Catching a Difficult Horse!We have all had this happen so I figured it might be worth going over with you in this issue.
Keep in mind that a newly acquired horse or a horse that may be herd bound needs a little assurance & patience from us.
They want to know that you are not going to harm them or abuse them in any way. You as the owner/ trainer must create a friendly, but "I' am the boss" relationship with your horse, if you want a long and rewarding partnership with him.
Horses, no matter what age, are constantly learning from their interactions with us. Whether or not you think your interaction with your horse is a "formal training session" your horse is always learning.
This is the case whether you are riding, lunging, feeding, playing, bathing, your horse or just walking through your horse's pasture or in his stall. Your horse will come to trust in you as you work, play and interact with him.
To start this process you must make every experience with your horse an enjoyable, learning experience.
For instance, if you are having problems catching your horse in the pasture then you probably don't have a working relationship with him but this can be handled with a little patience and persistence from you.
First you must reassure your horse you mean him no harm and that it is a pleasant experience when he is with you. When you go out into the pasture don't just go with the intention of "grabbing" your horse for a quick ride, workout or training session.
Instead, walk up to him with a treat in hand; a carrot or apple will do. He may be stand-offish at first but his natural curiosity will eventually win out and he will accept the treat.
As he reaches for the treat try to pat him gently on his head and neck. Maybe you won't be able to pat him today or tomorrow but the next day you will. Persistence is the key to remember!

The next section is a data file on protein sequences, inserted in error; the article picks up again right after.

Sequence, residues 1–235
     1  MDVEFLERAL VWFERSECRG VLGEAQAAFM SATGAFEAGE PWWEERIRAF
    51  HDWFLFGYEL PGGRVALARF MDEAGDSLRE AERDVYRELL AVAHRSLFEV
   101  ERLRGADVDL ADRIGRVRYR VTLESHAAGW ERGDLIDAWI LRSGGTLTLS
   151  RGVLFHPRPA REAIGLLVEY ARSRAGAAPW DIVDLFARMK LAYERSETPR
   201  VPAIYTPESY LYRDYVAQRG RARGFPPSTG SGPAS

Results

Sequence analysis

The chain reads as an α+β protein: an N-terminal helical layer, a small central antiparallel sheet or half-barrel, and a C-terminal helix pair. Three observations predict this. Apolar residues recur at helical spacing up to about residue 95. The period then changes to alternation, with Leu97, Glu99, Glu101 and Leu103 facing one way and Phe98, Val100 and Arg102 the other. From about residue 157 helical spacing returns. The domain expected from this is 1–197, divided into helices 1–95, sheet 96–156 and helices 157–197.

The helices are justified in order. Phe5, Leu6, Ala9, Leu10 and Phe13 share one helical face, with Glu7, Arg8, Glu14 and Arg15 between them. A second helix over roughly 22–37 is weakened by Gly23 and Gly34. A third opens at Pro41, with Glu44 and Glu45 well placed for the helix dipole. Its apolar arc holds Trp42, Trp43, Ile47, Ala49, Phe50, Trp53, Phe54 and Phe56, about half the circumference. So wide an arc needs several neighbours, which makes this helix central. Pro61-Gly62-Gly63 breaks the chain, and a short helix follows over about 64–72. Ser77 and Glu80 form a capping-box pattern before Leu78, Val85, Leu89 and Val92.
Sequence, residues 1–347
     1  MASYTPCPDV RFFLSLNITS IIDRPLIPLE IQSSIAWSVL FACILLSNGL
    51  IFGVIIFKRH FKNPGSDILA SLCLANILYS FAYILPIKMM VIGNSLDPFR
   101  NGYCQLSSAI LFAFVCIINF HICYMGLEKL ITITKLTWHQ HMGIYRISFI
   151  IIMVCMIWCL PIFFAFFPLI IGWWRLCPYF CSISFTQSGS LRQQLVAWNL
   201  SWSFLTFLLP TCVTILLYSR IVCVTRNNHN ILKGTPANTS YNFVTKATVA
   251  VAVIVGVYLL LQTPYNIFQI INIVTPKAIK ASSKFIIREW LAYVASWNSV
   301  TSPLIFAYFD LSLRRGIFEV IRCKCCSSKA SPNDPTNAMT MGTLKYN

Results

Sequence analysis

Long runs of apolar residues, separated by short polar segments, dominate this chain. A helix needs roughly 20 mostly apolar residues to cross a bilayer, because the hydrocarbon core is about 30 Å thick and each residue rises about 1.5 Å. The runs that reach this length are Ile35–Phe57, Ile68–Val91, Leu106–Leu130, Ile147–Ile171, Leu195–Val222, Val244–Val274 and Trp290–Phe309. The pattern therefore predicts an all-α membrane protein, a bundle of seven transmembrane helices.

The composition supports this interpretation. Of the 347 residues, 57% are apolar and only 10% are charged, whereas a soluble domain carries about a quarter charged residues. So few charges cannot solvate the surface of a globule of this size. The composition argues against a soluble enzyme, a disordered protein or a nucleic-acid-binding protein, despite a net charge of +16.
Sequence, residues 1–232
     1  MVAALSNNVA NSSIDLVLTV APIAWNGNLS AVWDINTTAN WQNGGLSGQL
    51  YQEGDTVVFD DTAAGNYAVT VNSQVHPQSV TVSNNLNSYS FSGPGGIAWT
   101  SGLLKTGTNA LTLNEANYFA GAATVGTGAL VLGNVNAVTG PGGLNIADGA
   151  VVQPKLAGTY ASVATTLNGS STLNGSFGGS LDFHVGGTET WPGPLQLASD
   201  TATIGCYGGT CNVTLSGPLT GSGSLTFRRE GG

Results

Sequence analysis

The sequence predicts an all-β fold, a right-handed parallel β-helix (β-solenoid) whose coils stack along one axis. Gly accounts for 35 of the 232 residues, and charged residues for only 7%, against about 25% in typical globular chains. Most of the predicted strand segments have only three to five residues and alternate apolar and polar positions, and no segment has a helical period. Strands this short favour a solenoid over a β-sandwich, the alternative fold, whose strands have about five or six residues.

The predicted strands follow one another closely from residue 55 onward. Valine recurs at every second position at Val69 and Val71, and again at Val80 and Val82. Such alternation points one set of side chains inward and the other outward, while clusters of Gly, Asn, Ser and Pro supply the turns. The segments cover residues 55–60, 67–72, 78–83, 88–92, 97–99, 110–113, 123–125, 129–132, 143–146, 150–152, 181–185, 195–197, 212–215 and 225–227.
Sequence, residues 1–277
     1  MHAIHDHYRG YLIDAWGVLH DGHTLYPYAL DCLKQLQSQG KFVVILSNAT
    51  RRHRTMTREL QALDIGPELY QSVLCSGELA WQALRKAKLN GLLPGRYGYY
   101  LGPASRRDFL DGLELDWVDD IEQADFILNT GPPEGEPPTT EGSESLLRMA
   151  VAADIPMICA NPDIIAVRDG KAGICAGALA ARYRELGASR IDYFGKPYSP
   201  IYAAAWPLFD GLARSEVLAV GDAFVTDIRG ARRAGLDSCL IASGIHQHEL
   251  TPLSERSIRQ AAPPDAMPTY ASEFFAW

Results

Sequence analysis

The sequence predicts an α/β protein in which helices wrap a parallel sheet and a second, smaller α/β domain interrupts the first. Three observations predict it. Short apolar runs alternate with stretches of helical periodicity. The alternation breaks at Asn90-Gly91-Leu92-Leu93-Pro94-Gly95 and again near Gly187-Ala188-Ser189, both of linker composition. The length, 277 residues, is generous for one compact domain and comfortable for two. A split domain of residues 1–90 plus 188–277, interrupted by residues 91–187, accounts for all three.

Do this every day, several times a day until he realizes you aren't there just to catch him and put him to work. Eventually he will learn to enjoy these "little get togethers" and these "little get togethers" will build his confidence in you.
Before you know it he will be coming to you whether you have a treat for him/ her or not.
Horses actually enjoy being with us as our partners and friends!
Horses are by nature very curious creatures and are always interested in someone or something in their space. Take advantage of this!
Maybe you need to work on your fencing, or round pen and chances are that if he sees you in his space he will come to see what you are doing.
Seize this opportunity to just talk to him and give him a gentle pat. I don't know about you but when I am in the pasture working my horses come to see what I am doing and I always take a few minutes to ask them how their day is going, and give them a gently pat or two.
You must be persistent and patient in your efforts. Rome wasn't built in a day and your horse may not let you catch him in a day either. This will take a few days or possibly weeks but he will come to trust you and enjoy your company.
Horse Articles Index Page
Equestrian E-Books & Other Related Products
Science Of Arabian Horse Training
 Horse Riding Made Easy - Beginner's Guide to Horseback Riding.
 The Kikkuli Method of Horse Training
 8 Volume Horse Training Course
 How to Find the Perfect Place for Your Pony
 Horse Training Success - Solve your horse's bad habits [horse whisperer training techniques].
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